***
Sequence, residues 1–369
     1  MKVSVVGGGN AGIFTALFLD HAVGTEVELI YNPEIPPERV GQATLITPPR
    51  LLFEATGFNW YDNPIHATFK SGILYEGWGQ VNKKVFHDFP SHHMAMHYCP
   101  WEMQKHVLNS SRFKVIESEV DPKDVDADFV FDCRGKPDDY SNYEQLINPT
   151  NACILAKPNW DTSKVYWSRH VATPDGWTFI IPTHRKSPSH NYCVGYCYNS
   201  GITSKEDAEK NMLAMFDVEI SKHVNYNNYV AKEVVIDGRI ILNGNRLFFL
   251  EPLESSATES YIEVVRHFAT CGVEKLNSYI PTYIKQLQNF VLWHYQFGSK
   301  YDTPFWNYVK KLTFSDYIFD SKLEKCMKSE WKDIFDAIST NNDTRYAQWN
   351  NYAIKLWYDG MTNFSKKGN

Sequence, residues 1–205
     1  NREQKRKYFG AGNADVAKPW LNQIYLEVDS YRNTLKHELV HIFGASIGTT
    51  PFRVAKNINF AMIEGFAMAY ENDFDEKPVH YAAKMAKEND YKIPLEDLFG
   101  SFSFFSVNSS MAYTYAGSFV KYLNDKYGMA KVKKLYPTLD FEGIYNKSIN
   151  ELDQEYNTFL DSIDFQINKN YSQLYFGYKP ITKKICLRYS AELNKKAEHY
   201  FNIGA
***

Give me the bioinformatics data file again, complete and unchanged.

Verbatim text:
Sequence, residues 1–369
     1  MKVSVVGGGN AGIFTALFLD HAVGTEVELI YNPEIPPERV GQATLITPPR
    51  LLFEATGFNW YDNPIHATFK SGILYEGWGQ VNKKVFHDFP SHHMAMHYCP
   101  WEMQKHVLNS SRFKVIESEV DPKDVDADFV FDCRGKPDDY SNYEQLINPT
   151  NACILAKPNW DTSKVYWSRH VATPDGWTFI IPTHRKSPSH NYCVGYCYNS
   201  GITSKEDAEK NMLAMFDVEI SKHVNYNNYV AKEVVIDGRI ILNGNRLFFL
   251  EPLESSATES YIEVVRHFAT CGVEKLNSYI PTYIKQLQNF VLWHYQFGSK
   301  YDTPFWNYVK KLTFSDYIFD SKLEKCMKSE WKDIFDAIST NNDTRYAQWN
   351  NYAIKLWYDG MTNFSKKGN

Sequence, residues 1–205
     1  NREQKRKYFG AGNADVAKPW LNQIYLEVDS YRNTLKHELV HIFGASIGTT
    51  PFRVAKNINF AMIEGFAMAY ENDFDEKPVH YAAKMAKEND YKIPLEDLFG
   101  SFSFFSVNSS MAYTYAGSFV KYLNDKYGMA KVKKLYPTLD FEGIYNKSIN
   151  ELDQEYNTFL DSIDFQINKN YSQLYFGYKP ITKKICLRYS AELNKKAEHY
   201  FNIGA